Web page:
The agglomerations of silicon microspheres had dissolved within it. That inner computer could no longer function in the radically altered substance of the creature, and in turn the beast had no use any more for the biological assistance that the microspheres had been designed to provide. Now it was not linked to Sun, the computer at New Wave. If the microwave transmitter there sent a death order, it would not receive the command—and would live.

It had become the master of its physiology by reducing itself, to the uncomplicated essence of physical existence. Their three minds also had become one. The consiousness now dwelling in that darkness was as lacking in complex form as the amorphous, jellied body it inhabited.

It had relinquished its memory because memories were recordings of events and relationships that had consequences, and consequences—good or bad—implied that one was responsible for one's actions. Flight from responsibility had driven the creature to regression in the first place. Pain was another shedding memory—the pain of recalling what had been lost.

Likewise, it had surrendered the capacity to consider the future, to plan, to dream.

Now it had no past of which it was aware, and the concept of a future was beyond its ken. It lived only for the moment, Unthinking, unfeeling, uncaring.

It had one need. To survive.

And to survive, it needed only one thing. To feed.


The breakfast dishes had been cleared from the table while Sam was at the Coltranes' house, battling monsters that apparently had been part human and part computer and part zombies—and maybe, for all they knew, part toaster oven. After Sam was bandaged, Chrissie gathered with him and Tessa and Harry around the kitchen table again, to listen to them discuss what action to take next.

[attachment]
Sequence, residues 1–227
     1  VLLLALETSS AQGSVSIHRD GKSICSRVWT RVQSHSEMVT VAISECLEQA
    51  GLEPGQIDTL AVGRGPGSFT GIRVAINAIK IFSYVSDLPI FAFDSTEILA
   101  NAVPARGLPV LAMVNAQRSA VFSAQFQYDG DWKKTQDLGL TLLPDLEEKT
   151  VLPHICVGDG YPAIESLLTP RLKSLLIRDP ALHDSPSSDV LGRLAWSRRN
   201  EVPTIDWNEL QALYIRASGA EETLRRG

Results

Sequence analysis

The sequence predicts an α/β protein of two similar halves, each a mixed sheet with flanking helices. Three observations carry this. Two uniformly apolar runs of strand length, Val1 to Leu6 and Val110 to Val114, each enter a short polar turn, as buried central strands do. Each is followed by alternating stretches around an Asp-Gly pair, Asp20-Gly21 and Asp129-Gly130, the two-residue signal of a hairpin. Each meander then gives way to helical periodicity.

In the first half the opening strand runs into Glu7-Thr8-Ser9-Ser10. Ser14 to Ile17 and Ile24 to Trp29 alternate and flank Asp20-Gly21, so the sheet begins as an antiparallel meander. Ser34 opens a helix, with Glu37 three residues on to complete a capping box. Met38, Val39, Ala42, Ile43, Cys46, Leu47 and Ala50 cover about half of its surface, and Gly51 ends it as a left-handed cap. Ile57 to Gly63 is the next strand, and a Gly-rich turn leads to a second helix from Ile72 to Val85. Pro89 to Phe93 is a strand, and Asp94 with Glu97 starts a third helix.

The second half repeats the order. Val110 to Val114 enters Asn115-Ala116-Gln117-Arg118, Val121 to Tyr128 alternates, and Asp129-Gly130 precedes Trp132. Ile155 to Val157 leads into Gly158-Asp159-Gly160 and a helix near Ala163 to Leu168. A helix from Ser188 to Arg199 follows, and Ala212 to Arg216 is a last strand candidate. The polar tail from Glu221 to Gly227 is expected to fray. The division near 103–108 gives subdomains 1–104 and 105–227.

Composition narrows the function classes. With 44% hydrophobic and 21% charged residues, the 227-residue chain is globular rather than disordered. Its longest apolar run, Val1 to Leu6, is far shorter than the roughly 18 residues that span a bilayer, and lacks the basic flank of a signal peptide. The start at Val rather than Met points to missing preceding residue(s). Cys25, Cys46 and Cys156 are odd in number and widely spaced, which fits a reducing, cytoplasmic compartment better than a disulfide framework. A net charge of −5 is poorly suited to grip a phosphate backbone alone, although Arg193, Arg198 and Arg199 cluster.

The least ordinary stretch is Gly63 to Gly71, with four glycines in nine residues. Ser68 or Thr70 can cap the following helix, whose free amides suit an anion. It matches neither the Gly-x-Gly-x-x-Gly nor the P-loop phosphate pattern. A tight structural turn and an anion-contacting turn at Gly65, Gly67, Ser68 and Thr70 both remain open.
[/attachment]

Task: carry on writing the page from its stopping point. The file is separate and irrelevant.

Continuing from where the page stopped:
Moose stayed at Chrissie's side, regarding her with soulful brown eyes, as if he adored her more than life itself. She couldn't resist giving him all the petting and scratching-behind-the-ears that he wanted.

"The greatest problem of our age," Sam said, "is how to keep technological progress accelerating, how to use it to improve the quality of life—without being overwhelmed by it. Can we employ the computer to redesign our world, to remake our lives, without one day coming to worship it?" He blinked at Tessa and said, "It's not a silly question."

Tessa frowned. "I didn't say it was. Sometimes we have a blind trust in machines, a tendency to believe that whatever a computer tells us is gospel—"

"To forget the old maxim," Harry injected, "which says 'garbage in, garbage out.'"

"Exactly," Tessa agreed. "Sometimes, when we get data or analyses from computers, we treat it as if the machines were all infallible. Which is dangerous because a computer application can be conceived, designed, and implemented by a madman, Perhaps not as easily as by a benign genius but certainly as effectively."

Sam said, "Yet people have a tendency—no, even a deep desire—to want to depend on the machines."